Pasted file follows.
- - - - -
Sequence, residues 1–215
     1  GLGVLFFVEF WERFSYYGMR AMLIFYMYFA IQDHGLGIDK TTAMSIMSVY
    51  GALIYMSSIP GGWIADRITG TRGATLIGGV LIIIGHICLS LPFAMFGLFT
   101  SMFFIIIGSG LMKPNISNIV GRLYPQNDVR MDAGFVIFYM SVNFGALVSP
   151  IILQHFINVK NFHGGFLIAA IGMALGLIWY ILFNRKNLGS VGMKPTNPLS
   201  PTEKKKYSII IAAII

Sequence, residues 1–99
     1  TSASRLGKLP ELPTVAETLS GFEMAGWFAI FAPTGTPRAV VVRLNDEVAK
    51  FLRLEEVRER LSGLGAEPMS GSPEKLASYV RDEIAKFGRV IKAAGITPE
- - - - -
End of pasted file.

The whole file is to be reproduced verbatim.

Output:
Sequence, residues 1–215
     1  GLGVLFFVEF WERFSYYGMR AMLIFYMYFA IQDHGLGIDK TTAMSIMSVY
    51  GALIYMSSIP GGWIADRITG TRGATLIGGV LIIIGHICLS LPFAMFGLFT
   101  SMFFIIIGSG LMKPNISNIV GRLYPQNDVR MDAGFVIFYM SVNFGALVSP
   151  IILQHFINVK NFHGGFLIAA IGMALGLIWY ILFNRKNLGS VGMKPTNPLS
   201  PTEKKKYSII IAAII

Sequence, residues 1–99
     1  TSASRLGKLP ELPTVAETLS GFEMAGWFAI FAPTGTPRAV VVRLNDEVAK
    51  FLRLEEVRER LSGLGAEPMS GSPEKLASYV RDEIAKFGRV IKAAGITPE